Last year, in addition to AIX, I decided to give my students the option of running Linux from a CD-ROM—in fact, I encouraged it. I was not willing to require it until I saw the results of my experiment. It was an overwhelming success and most students welcomed running Linux at home, since it allowed them to do assignments without having to come to the campus except for class. Only one student had a PC at home without a CD-ROM drive, and he was able to come to campus to use a PC. Therefore, this solution did not prevent any students from doing their assignments.
This year I made running Linux a requirement and chose as the textbook Linux System Administrator's Survival Guide by Timothy Parker, Ph.D., published by SAMS. I chose this text over a number of other books because it covered most of the class topics, was easy to read and was easily supplemented. I have written a Lab and Projects manual that includes assignments in Linux, AIX and generic Unix. I am planning to expand it to a full-fledged text as time permits, using recommendations of my students and my experiences.
|Using Salt Stack and Vagrant for Drupal Development||May 20, 2013|
|Making Linux and Android Get Along (It's Not as Hard as It Sounds)||May 16, 2013|
|Drupal Is a Framework: Why Everyone Needs to Understand This||May 15, 2013|
|Home, My Backup Data Center||May 13, 2013|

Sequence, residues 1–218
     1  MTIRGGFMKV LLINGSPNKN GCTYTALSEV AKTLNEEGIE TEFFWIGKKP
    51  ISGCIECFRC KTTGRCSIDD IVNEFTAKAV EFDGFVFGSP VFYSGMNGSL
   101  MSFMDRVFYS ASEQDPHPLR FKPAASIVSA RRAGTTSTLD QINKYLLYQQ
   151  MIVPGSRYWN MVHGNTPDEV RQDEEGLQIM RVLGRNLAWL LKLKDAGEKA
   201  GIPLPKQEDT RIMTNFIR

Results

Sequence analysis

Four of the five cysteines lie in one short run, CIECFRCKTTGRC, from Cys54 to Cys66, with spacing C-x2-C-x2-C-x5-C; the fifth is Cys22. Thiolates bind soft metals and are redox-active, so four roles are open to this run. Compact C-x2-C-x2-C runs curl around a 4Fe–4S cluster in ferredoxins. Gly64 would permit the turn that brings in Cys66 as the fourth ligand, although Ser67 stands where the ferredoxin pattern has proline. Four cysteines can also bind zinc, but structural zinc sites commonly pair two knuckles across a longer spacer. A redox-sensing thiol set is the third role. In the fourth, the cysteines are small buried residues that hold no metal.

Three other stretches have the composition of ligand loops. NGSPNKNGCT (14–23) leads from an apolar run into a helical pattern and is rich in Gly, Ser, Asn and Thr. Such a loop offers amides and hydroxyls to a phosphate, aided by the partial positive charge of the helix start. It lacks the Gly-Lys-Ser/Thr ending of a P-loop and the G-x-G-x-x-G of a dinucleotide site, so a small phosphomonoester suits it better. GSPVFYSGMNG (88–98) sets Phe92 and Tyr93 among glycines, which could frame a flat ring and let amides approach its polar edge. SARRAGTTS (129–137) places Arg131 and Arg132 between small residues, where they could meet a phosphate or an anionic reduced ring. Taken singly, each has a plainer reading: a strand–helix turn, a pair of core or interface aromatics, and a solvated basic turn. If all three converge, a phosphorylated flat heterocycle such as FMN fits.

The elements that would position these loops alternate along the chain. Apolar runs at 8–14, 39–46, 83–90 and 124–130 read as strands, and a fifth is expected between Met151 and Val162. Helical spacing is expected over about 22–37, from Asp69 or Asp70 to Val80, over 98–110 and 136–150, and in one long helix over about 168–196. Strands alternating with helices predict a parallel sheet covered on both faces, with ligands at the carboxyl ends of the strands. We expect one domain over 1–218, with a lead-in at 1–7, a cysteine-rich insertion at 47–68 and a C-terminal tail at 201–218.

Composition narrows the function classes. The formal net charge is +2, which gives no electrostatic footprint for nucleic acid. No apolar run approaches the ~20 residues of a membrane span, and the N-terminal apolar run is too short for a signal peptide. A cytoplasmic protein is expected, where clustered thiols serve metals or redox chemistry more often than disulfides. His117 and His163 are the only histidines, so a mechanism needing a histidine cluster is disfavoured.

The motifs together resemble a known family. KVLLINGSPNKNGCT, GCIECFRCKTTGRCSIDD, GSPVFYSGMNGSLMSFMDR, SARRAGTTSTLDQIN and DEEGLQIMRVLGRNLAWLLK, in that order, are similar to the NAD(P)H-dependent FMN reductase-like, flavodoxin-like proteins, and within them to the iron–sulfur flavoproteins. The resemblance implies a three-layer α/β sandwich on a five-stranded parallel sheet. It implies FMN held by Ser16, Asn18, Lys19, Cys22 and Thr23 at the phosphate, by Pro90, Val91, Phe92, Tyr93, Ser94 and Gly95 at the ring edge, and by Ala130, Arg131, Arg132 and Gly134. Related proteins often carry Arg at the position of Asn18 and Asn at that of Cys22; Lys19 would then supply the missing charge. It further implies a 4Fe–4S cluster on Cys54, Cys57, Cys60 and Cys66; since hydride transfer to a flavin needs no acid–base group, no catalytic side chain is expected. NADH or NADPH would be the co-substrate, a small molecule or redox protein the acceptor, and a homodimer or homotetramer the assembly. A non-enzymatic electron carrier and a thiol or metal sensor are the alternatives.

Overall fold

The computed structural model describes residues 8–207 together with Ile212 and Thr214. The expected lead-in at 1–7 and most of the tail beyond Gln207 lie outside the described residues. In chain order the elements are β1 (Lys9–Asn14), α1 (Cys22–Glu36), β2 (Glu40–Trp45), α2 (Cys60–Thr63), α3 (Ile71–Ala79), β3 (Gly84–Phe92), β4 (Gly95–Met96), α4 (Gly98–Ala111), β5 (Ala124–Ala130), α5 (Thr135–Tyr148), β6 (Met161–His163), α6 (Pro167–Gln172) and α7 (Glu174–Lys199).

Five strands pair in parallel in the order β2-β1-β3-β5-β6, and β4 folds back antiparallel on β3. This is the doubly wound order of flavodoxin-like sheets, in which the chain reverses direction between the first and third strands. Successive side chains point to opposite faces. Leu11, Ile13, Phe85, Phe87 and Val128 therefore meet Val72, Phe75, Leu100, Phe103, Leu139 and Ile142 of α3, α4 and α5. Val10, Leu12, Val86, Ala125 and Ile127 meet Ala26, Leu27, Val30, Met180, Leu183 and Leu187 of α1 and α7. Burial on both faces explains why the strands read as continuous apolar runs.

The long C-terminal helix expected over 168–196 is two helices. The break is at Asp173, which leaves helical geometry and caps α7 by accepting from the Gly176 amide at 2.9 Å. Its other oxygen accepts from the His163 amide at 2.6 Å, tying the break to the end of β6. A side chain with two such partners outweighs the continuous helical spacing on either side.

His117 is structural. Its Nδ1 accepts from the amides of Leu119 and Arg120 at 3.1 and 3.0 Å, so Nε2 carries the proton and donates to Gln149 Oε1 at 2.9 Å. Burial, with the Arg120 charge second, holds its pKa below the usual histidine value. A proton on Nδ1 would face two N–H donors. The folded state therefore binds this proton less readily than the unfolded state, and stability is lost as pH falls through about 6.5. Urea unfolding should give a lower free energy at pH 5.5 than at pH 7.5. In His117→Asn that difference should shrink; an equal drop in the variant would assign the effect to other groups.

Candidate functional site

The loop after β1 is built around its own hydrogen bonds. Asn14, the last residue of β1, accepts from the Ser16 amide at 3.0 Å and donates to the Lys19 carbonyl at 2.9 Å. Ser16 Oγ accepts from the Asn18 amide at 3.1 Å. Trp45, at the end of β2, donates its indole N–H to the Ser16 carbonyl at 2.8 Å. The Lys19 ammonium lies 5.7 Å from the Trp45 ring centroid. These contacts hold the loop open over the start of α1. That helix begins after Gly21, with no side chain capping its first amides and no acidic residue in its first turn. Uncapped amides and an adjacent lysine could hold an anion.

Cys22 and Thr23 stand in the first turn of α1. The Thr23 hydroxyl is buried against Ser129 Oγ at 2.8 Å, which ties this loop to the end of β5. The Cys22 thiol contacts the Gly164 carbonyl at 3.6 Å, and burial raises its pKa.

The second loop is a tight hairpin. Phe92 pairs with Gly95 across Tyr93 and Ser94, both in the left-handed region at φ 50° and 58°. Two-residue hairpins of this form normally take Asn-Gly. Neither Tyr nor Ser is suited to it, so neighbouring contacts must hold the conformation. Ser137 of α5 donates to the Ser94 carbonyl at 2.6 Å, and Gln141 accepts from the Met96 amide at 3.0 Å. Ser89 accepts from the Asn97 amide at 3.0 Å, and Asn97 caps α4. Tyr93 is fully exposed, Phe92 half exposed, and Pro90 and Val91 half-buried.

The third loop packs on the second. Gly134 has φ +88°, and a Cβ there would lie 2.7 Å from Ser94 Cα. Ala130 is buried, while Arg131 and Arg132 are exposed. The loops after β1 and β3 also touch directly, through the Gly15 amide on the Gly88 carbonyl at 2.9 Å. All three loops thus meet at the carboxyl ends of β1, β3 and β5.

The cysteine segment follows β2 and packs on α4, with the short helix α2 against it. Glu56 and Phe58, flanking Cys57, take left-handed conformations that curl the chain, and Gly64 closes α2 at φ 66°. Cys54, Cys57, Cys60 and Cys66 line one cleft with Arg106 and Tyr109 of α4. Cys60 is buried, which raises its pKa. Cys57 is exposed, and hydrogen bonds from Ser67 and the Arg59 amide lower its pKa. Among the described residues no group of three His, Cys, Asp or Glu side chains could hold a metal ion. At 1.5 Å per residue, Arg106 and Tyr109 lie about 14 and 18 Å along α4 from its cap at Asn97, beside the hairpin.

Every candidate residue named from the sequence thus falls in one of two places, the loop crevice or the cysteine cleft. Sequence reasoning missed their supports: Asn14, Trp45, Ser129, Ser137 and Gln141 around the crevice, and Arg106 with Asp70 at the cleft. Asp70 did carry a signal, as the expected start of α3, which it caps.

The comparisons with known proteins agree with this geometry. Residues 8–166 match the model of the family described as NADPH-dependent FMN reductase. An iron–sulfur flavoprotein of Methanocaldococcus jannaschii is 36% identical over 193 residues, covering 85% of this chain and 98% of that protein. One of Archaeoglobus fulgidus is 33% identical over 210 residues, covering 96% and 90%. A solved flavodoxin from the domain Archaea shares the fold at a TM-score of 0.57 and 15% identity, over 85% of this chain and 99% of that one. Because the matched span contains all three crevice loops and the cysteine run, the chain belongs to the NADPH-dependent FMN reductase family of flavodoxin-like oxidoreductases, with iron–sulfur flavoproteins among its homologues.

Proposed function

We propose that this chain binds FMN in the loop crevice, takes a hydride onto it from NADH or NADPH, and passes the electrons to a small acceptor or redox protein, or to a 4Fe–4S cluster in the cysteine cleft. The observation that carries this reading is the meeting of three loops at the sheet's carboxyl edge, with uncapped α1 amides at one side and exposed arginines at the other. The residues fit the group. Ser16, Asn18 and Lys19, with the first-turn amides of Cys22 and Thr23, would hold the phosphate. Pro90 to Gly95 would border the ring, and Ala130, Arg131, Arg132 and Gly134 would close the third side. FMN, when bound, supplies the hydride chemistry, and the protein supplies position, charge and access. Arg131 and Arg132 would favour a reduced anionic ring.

|Non-Linux FOSS: Seashore||May 10, 2013|
|Trying to Tame the Tablet||May 08, 2013|
- Using Salt Stack and Vagrant for Drupal Development
- Making Linux and Android Get Along (It's Not as Hard as It Sounds)
- New Products
- Validate an E-Mail Address with PHP, the Right Way
- Drupal Is a Framework: Why Everyone Needs to Understand This
- A Topic for Discussion - Open Source Feature-Richness?
- Home, My Backup Data Center
- New Products
- Readers' Choice Awards
- RSS Feeds
- Automatically updating Guest Additions
34 min 52 sec ago
- I like your topic on android
1 hour 21 min ago
- Reply to comment | Linux Journal
1 hour 42 min ago
- This is the easiest tutorial
7 hours 57 min ago
- Ahh, the Koolaid.
13 hours 35 min ago
- git-annex assistant
19 hours 35 min ago
- direct cable connection
19 hours 57 min ago
- Agreed on AirDroid. With my
20 hours 7 min ago
- I just learned this
20 hours 12 min ago
20 hours 42 min ago
Enter to Win an Adafruit Prototyping Pi Plate Kit for Raspberry Pi
It's Raspberry Pi month at Linux Journal. Each week in May, Adafruit will be giving away a Pi-related prize to a lucky, randomly drawn LJ reader. Winners will be announced weekly.
Fill out the fields below to enter to win this week's prize-- a Prototyping Pi Plate Kit for Raspberry Pi.
Congratulations to our winners so far:
- 5-8-13, Pi Starter Pack: Jack Davis
- 5-15-13, Pi Model B 512MB RAM: Patrick Dunn
- Next winner announced on 5-21-13!
Free Webinar: Linux Backup and Recovery
Most companies incorporate backup procedures for critical data, which can be restored quickly if a loss occurs. However, fewer companies are prepared for catastrophic system failures, in which they lose all data, the entire operating system, applications, settings, patches and more, reducing their system(s) to “bare metal.” After all, before data can be restored to a system, there must be a system to restore it to.
In this one hour webinar, learn how to enhance your existing backup strategies for better disaster recovery preparedness using Storix System Backup Administrator (SBAdmin), a highly flexible bare-metal recovery solution for UNIX and Linux systems.